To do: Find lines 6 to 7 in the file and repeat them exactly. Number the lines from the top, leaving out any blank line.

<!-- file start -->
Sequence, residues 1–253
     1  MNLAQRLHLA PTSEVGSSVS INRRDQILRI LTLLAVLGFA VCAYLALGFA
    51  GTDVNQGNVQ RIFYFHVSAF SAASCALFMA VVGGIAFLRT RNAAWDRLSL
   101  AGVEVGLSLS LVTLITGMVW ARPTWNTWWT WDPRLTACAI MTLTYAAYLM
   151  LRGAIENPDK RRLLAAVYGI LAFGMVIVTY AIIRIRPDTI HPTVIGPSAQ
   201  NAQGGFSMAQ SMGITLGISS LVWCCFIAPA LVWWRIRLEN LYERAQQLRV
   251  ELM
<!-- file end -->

   201  NAQGGFSMAQ SMGITLGISS LVWCCFIAPA LVWWRIRLEN LYERAQQLRV
   251  ELM